Chichester Festival Theatre’s premiere of Andrea Levy’s moving saga, The Long Song, doesn’t hit a wrong note both as a telling reminder of this country’s involvement in the slave trade and timely contribution to Black History Month.
Roy Williams’ incendiary 2002 play, Sing Yer Heart Out for the Lads, which attacks grass roots racism with all the finesse of a vintage Vinnie Jones tackle, is back and spewing vitriol in Chichester Festival Theatre’s pop-up space, The Spiegeltent.
Big, the film, holds a special place in everyone’s hearts but this musical version is out of step and time.
Ross McGregor, artistic director and powerhouse behind Arrows & Traps Theatre Company, has captured the zeitgeist with his modern, political adaptation of Robert Louis Stevenson’s The Strange Case of Jekyll & Hyde.
Chichester Festival Theatre’s production of Shakespeare’s famous tragedy Macbeth, led by John Simm and Dervla Kirwan as the corrupted couple, marks a homecoming for director Paul Miller.
Best of the Blogs: The Mates give their verdicts on Appropriate, The Doctor, Cabaret & more.
The Weatherman, Eugene O’Hare’s full-length debut play opens with brief sunny spells but it’s clear that the forecast is for a stormy and changeable production.
There are probably not many people left alive who remember the controversial coast to coast US tour of Othello from 1944. It was remarkable for two reasons. Singer and political firebrand, Paul ‘Ol’ Man River’ Robeson was playing the lead and, as a black man, he was sharing the stage with a white, Desdemona.
Clive Owen has returned to the West End for the first time in 18 years to play the Rev. T. Lawrence Shannon in Tennessee Williams’ The Night Of The Iguana in a new production directed by James Macdonald. So what did the Mates think of this production?
While it would probably go down well at, say the Edinburgh Fringe, The Actor’s Nightmare’s maverick style and piecemeal production, not to mention a reliance on a clued-up audience, makes it a bit rough and ready for the London mainstream stage.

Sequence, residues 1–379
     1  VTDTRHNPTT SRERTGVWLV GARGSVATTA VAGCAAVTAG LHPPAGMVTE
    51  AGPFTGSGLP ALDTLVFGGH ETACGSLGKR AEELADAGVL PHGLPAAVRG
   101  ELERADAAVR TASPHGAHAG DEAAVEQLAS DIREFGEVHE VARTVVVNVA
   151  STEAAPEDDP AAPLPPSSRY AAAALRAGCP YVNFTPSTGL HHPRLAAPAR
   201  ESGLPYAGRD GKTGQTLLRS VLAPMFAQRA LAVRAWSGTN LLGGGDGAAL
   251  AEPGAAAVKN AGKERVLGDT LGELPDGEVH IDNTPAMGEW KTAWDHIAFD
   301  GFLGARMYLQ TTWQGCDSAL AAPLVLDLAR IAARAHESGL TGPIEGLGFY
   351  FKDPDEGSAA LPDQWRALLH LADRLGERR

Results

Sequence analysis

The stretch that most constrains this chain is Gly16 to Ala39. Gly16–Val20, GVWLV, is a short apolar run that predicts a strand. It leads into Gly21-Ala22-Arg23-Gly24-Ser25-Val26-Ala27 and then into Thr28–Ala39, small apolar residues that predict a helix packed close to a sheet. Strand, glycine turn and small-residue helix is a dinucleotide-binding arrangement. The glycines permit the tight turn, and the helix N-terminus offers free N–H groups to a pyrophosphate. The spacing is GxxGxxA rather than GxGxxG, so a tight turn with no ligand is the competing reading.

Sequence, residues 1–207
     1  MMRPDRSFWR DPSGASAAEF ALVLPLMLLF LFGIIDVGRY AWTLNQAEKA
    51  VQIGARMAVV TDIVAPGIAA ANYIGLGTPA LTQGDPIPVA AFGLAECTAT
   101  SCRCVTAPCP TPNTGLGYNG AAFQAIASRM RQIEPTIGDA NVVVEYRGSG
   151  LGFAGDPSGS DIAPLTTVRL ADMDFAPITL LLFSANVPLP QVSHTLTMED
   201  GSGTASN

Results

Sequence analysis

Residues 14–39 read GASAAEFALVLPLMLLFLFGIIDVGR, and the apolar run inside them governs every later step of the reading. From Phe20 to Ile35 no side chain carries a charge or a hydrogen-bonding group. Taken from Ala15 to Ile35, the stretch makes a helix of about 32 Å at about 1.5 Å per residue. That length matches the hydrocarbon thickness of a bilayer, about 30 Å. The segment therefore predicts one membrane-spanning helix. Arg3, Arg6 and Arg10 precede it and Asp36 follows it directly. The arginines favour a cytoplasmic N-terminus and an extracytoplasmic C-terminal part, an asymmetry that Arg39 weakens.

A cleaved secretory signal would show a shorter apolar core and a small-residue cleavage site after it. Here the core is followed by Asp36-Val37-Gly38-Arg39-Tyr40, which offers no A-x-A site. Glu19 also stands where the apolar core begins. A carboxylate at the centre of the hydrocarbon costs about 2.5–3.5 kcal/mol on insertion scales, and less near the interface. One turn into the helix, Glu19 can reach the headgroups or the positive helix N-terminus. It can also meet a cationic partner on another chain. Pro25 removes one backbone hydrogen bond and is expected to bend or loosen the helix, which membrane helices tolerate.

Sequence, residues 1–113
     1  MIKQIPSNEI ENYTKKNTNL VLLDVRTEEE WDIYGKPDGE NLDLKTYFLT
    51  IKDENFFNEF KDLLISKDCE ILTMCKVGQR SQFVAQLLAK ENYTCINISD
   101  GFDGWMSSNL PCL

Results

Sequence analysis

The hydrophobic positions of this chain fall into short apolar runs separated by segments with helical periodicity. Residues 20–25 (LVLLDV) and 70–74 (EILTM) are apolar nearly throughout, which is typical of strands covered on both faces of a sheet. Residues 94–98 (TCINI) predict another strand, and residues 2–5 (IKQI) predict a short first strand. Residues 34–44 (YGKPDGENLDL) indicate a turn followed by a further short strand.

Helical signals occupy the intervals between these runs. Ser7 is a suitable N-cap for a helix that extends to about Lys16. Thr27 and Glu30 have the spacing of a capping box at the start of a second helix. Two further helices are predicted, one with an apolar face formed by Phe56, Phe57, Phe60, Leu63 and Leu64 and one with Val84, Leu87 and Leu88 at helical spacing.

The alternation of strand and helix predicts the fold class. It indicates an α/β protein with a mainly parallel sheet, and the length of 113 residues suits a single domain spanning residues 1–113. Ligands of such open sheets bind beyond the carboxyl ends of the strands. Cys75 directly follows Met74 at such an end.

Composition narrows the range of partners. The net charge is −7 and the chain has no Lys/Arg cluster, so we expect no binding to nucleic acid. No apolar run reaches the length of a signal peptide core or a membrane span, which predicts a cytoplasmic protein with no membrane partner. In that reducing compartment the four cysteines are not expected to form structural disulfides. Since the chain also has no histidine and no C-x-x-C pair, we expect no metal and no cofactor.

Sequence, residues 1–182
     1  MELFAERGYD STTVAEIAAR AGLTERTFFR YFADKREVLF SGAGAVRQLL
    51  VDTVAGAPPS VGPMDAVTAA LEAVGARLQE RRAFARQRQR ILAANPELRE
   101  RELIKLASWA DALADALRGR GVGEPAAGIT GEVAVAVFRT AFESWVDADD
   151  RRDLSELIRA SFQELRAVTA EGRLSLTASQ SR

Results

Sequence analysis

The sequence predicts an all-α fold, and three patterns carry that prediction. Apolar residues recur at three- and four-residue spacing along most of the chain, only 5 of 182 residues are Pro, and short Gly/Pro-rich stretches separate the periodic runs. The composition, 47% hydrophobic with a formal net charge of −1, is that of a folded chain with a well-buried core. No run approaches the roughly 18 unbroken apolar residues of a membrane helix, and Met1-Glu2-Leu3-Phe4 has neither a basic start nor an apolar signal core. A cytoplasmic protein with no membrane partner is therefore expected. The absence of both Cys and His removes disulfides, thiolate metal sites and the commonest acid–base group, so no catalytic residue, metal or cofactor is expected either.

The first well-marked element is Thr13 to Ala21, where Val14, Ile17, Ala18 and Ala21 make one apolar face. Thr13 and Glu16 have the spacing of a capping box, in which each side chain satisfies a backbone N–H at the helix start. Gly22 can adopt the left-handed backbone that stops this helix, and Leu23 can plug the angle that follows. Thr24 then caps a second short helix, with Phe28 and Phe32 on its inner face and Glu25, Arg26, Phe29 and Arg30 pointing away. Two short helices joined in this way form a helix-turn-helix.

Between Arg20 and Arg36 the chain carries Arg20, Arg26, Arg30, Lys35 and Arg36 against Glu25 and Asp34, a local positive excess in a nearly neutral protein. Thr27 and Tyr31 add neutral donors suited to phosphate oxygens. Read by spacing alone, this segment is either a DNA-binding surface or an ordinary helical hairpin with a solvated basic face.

A large percentage of the theatre community may be heading up to the Edinburgh Festival Fringe in the next week or so but our editor Lisa Martland’s Top Picks from the last week’s productions in the West End, London Fringe or beyond prove there’s plenty of diverse work to enjoy elsewhere.
The Night of the Iguana takes three hours to tell a fairly simple story which could be done in 30 minutes, but it is worth the price of a ticket simply to watch Lia Williams deliver an outstanding performance as one of Tennessee Williams’ great, but unsung, female characters.
Peter Shaffer’s shocking, disturbing and provocative thriller Equus has galloped back into the West End this week with an electrifying revival from Ned Bennett.
It’s all in a name this week as our editor Lisa Martland picks out her Top Picks from the last week’s theatre in the West End, London Fringe or beyond.
The stage adaptation of Captain Corelli’s Mandolin, Louis De Bernières’ award-winning book about love in the war-torn Island of Cephalonia, has come to London’s West End after a successful regional tour.
Gregory Doran’s timely and riveting adaptation of Measure for Measure is filled with laugh-out-loud humour, but there is also a bleaker side to it that makes it very much a play for today.
Carrying on a new series, our editor Lisa Martland has picked out her Top Picks including three musicals: The Secret Diary of Adrian Mole Aged 13¾ The Musical at the Ambassadors Theatre (Libby Purves), Fiver at Southwark Playhouse (Emma Clarendon) and The Color Purple at Curve Leicester (No Billington).
The ‘technical difficulties’ that unexpectedly halted the opening night of Noises Off at the Lyric Hammersmith brought the house down. They couldn’t have been funnier than if they’d been planned.
Carrying on a new series, our editor Lisa Martland has picked out her Top Picks from the last week including Anne Cox’s thoughts on Present Laughter, while Aleks Sierz reports from Bitter Wheat.
Noël Coward would have thoroughly approved of Andrew Scott’s gloriously outrageous turn as ageing matinée idol, Garry Essendine, in The Old Vic’s reinvention of Present Laughter.